And presumably the right to go back onsite, at the new prices and (hopefully) find more contaminated slag at thousands per yard.

Paul Marinaccio, who built Center Road in Lewiston and is owner of Accadia Site Contract Inc., a company that has used Man O’ Trees as a subcontractor in the past, denounced Mr. Pfeiffer’s numbers. 

“It’s slag,” Mr. Marinaccio said. “I removed 60,000 yards of slag last year. It does not cost $1,000 per yard, maybe $50 per yard.” 

Mayor Dyster maintains the city has always been prepared to pay the fair and agreed upon price for contaminated slag removal and the contractor knew from the start there might be more radioactive slag than what was originally estimated. That’s why they called it an estimate. That’s why there is a line item cost in the first place. 

Many among the more than one dozen people in the construction field familiar with the job, whom the Reporter spoke to, including a contractor who worked for Mr. Pfeiffer, suggested that the dirty little secret is that Man O’ Trees underbid the job in the first place and, combined with their inexperience in hazardous waste removal and delays occurring as a result of that inexperience, got hopelessly behind. 

They needed any excuse to get out of the deal or get paid enough to get back in, according to their assessment. 

Here are the facts: In 2009, three bids were submitted for the job. 
Catco Inc., of Alden, bid the job at $9,303,231. 

Yarussi Construction Inc. of Niagara Falls, bid $9,043,231. 

Man O’ Trees bid $7,713,000. 

Man O’ Trees was $1.3 million (or 15 percent) lower than the next lowest bidder. 

“I was told, I wasn’t there in the room,” Mayor Dyster said, “but when they read the bid, the contractors gasped, because it was so low. They knew he could never get it done. 

“Maybe Man O’ Trees gasped, too, because he left $1.3 million on the table and perhaps began to wonder if he had made a mistake. 

“Our engineers probably gasped, too, and they went through the bid line by line to see if Man O’ Trees had omitted something.” 

They did not find anything, and, Dyster said, “we could not legally say they were an unqualified bidder.” 

A radiation technician who had worked as a subcontractor for Man O’ Trees had another theory: That Mr. Pfeiffer purposely underbid the project.

“They [Man O’ Trees) came in and knew they were going to make money off of the radiation in the road,” said Stu Pryce who worked at the site in 2011 for Great Lakes Environmental. “So they significantly underbid the project.”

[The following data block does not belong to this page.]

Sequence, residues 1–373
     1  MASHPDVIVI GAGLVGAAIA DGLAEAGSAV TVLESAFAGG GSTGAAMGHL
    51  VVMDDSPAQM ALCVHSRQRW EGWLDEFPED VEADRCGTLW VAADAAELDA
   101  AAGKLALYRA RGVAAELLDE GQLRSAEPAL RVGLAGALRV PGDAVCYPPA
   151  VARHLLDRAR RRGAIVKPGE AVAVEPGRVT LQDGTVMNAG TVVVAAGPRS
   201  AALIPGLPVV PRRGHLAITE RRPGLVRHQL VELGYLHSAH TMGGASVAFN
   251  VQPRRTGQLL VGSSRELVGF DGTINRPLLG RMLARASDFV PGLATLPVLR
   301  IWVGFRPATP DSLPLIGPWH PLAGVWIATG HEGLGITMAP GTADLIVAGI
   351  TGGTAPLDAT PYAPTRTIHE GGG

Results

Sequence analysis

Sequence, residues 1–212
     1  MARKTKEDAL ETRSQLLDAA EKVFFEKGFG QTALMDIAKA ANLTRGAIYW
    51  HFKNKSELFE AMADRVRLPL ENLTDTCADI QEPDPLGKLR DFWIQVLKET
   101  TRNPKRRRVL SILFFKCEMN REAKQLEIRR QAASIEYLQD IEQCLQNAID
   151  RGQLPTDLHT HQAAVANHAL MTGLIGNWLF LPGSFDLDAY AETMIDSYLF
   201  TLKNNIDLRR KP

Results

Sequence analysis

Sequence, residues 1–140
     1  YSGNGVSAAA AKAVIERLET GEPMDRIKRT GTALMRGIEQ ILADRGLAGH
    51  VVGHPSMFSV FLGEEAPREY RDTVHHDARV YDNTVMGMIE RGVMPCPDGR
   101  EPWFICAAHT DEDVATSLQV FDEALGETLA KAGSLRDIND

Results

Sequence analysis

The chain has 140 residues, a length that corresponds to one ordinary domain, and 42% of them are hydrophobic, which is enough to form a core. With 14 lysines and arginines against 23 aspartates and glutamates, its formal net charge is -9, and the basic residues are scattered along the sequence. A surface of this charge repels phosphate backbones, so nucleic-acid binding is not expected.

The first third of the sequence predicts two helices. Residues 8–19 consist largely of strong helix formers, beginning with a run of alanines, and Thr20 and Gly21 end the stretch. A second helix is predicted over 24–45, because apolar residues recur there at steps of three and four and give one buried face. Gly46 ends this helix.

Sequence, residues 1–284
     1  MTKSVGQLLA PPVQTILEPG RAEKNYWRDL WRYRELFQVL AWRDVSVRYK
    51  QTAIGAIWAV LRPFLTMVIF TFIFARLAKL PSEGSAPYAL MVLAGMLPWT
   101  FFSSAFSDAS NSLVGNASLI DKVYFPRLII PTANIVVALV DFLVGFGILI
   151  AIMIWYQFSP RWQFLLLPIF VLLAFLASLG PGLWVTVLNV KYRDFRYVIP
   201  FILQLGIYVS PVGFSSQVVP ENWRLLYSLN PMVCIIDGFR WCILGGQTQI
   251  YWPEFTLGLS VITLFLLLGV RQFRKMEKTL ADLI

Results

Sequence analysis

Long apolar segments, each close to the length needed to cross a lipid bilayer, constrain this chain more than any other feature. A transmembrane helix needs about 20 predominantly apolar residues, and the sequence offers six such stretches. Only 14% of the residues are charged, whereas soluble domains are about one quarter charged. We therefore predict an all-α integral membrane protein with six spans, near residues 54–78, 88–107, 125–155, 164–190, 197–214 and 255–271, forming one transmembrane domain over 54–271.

Groundbreaking was in August, 2009, and delays occurred right from the start. Man O’ Trees lost a construction season as Mr. Pfeiffer awaited a license from the Department of Health to haul away the hazardous slag. 

Contractors, contacted by the Reporter, said Mr. Pfeiffer could have subcontracted the work to a licensed hazardous waste removal company – such as Sevenson Environmental of Niagara Falls - and got the job started at once. 

Once they started work, according to numerous residents, Man O’ Trees’ crews put in a half-hearted effort and worked minimal hours. 

Robert Brooker, of Lewiston Road, said, “If you saw eight people, you saw a lot. How are you going to finish the job with eight or nine guys – only one excavation crew?” 

According to numerous residents, nobody remembered seeing Man O’ Trees work past 3 p.m., which is uncommon for a road construction project during the short summer season.

“He underbid the job,” said Mr. Marinaccio of Accadia. Mr. Marinaccio said he first staked Mr. Pfeiffer to a construction loan in 1999 when Mr. Pfeiffer came to New York from Florida. 
He later had to sue him. 

“He does not have the right people, the right supervision and he does not even know how to build a road,” said Mr. Marinaccio, “and the people over there on Lewiston Road are suffering because of this idiot and you can quote me on that.” 
After Mr. Pfeiffer obtained the license to remove the slag, nothing much happened for a year and a half and the city was looking to remove the contractor. 

The dispute reached the public in a rather interesting, and perhaps for Mr. Pfeiffer, a self-serving way. 
The work was far behind schedule. Mr. Pfeiffer, perhaps cognizant by now that he had underbid the job, wanted his line items raised. 
Mr. Pfeiffer went to the media with claims of extreme radioactive danger, claiming Wendel Duchscherer asked his company to stay within the scope of the contract and not “chase” radiation in other areas where it may be present along or near Lewiston Road.

In a blitz to practically every media outlet in the area, he said Wendel, “won’t let us go into the front lawns of people and chase the radiation.” 

He said his company found material ranging from 40,000 to 140,000 counts per minute on a Geiger counter. The New York State Department of Environmental Conservation set background for radioactive material along Lewiston Road at a far less 9,000 counts per minute.

“That’s some hot stuff,” Mr. Pfeiffer told TV and print news. “I would not want to be living on top of something like that.”